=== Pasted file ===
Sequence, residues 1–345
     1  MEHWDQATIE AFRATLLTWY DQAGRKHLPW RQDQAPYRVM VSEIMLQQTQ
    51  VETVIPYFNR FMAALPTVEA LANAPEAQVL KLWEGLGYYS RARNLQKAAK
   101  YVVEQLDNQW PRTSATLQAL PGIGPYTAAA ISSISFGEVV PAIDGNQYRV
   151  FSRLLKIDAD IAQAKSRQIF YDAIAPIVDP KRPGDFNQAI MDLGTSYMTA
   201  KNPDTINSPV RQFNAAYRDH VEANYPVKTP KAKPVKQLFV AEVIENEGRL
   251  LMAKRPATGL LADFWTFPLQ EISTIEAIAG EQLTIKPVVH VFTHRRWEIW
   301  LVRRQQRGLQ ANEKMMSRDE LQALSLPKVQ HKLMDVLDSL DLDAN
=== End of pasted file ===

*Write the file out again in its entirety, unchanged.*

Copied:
Sequence, residues 1–345
     1  MEHWDQATIE AFRATLLTWY DQAGRKHLPW RQDQAPYRVM VSEIMLQQTQ
    51  VETVIPYFNR FMAALPTVEA LANAPEAQVL KLWEGLGYYS RARNLQKAAK
   101  YVVEQLDNQW PRTSATLQAL PGIGPYTAAA ISSISFGEVV PAIDGNQYRV
   151  FSRLLKIDAD IAQAKSRQIF YDAIAPIVDP KRPGDFNQAI MDLGTSYMTA
   201  KNPDTINSPV RQFNAAYRDH VEANYPVKTP KAKPVKQLFV AEVIENEGRL
   251  LMAKRPATGL LADFWTFPLQ EISTIEAIAG EQLTIKPVVH VFTHRRWEIW
   301  LVRRQQRGLQ ANEKMMSRDE LQALSLPKVQ HKLMDVLDSL DLDAN